Major campaigns now have (or claim to have) any number of "big data" capabilities, from digital voter files to extensive email lists and targeted digital advertising using third party data. Collecting data is valuable and necessary to campaign efforts, but after collection comes action.
Online marketers extend a variety of privacy protection assurances to viewers of their content, typically bundled in "notice and consent" legalese. The marketer may promise to destroy personal data after a set period of time (right, Snapchat?), to anonymize personal identifiers, to limit if not refuse to share data with third parties, to be transparent about what types of data are collected, and so on. The format encourages customers to agree quickly to the terms without reading for comprehension so they can get to the next screen and start loading up their shopping cart icons with consumer goodies.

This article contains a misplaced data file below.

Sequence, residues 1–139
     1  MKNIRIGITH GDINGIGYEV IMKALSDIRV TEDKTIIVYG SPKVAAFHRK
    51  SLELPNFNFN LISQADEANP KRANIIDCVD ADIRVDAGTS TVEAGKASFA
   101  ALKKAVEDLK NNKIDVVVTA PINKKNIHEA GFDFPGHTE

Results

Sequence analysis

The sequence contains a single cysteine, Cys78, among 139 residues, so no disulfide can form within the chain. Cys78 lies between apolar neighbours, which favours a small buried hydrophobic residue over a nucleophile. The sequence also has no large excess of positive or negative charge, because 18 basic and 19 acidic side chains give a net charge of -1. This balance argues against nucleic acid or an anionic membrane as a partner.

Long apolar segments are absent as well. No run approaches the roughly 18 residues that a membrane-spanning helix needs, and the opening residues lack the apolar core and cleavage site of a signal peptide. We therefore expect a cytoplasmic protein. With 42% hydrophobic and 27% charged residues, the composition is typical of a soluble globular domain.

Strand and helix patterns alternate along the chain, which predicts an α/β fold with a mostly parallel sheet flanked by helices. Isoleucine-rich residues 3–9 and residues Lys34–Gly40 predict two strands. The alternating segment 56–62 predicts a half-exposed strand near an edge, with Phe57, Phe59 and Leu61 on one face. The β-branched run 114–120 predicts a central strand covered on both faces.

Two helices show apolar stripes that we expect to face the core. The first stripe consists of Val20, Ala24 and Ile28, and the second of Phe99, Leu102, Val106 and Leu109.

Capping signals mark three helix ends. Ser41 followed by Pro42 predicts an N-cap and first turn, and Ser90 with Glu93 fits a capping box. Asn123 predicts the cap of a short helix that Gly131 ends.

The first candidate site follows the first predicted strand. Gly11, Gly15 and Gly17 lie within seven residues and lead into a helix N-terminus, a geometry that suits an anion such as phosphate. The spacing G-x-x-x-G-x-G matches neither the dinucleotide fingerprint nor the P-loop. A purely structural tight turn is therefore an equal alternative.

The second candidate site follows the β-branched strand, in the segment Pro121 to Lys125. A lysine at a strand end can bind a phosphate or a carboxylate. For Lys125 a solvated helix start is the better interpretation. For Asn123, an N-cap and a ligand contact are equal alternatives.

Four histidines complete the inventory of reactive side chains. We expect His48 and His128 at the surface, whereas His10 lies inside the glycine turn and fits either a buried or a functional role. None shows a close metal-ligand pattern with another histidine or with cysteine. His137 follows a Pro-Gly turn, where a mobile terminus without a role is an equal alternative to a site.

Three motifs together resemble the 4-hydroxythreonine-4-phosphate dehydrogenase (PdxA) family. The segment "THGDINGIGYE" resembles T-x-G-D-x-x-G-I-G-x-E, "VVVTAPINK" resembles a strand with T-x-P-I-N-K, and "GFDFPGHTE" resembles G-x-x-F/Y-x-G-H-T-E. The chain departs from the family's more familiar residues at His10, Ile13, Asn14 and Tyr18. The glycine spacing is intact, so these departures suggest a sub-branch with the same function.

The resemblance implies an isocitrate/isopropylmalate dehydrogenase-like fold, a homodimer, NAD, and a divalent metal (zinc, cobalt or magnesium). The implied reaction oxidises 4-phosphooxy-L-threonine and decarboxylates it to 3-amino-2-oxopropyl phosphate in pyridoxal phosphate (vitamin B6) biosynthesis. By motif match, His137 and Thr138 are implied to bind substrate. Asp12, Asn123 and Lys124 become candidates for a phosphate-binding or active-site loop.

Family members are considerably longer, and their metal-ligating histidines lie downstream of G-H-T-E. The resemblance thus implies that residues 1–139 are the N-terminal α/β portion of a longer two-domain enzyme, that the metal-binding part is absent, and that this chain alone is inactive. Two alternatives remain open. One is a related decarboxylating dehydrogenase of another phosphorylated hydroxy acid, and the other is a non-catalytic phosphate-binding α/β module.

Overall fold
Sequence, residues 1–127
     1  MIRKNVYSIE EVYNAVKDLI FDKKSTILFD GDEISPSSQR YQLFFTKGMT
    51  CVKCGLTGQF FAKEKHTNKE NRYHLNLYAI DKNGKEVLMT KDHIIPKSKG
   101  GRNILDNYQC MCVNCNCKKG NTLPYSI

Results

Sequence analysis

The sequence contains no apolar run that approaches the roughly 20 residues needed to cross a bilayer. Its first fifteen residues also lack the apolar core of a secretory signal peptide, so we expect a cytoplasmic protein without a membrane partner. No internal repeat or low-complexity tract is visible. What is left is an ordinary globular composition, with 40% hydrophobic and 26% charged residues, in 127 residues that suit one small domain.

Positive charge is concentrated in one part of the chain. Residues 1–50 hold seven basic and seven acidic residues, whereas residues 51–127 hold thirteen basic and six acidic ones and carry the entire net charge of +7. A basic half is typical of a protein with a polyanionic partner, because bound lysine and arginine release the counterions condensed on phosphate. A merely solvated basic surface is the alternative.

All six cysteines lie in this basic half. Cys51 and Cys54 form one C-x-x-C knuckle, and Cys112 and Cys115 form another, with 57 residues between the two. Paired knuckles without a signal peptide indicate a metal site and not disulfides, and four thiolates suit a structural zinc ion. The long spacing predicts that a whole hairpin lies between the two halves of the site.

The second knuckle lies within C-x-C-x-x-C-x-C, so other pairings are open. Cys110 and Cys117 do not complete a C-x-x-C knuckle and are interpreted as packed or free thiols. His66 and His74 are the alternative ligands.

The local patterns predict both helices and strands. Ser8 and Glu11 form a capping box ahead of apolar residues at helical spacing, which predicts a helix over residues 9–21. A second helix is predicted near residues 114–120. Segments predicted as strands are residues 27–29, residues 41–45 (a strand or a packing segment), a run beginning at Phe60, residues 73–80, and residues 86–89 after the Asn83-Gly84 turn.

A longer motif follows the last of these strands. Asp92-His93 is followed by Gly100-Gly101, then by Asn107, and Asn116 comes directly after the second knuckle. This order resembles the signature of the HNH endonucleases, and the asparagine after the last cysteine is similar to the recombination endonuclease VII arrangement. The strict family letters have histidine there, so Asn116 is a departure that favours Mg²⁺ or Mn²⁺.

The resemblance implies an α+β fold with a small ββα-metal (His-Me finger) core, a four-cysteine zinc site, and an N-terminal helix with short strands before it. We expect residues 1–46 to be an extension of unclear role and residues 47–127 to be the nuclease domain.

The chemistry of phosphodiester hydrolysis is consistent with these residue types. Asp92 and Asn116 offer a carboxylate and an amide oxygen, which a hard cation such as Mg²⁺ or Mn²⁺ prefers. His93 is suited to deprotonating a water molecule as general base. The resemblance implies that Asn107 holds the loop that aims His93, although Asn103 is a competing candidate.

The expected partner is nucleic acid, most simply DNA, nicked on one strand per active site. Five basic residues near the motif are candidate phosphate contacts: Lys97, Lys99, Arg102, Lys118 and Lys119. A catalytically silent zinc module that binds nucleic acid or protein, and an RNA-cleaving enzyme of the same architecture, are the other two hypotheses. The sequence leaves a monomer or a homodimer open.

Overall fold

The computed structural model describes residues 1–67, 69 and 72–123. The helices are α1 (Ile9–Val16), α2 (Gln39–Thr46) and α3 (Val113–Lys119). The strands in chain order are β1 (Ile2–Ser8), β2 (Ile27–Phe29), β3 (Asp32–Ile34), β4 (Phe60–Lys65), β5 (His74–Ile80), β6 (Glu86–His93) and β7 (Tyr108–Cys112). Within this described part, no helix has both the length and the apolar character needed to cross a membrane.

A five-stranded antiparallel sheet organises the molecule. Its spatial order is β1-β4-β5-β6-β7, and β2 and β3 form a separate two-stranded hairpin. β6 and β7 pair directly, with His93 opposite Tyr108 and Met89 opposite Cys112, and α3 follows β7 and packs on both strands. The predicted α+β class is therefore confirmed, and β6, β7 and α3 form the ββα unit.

Thanks to the mass-market adoption of digital devices and a fragmenting media landscape, the viewing habits of the likely American voter are harder to predict than ever before. Now, the majority - more than 50% of us, in fact - fall into a category that presents a significant challenge to advertisers used to traditional media buying plans.
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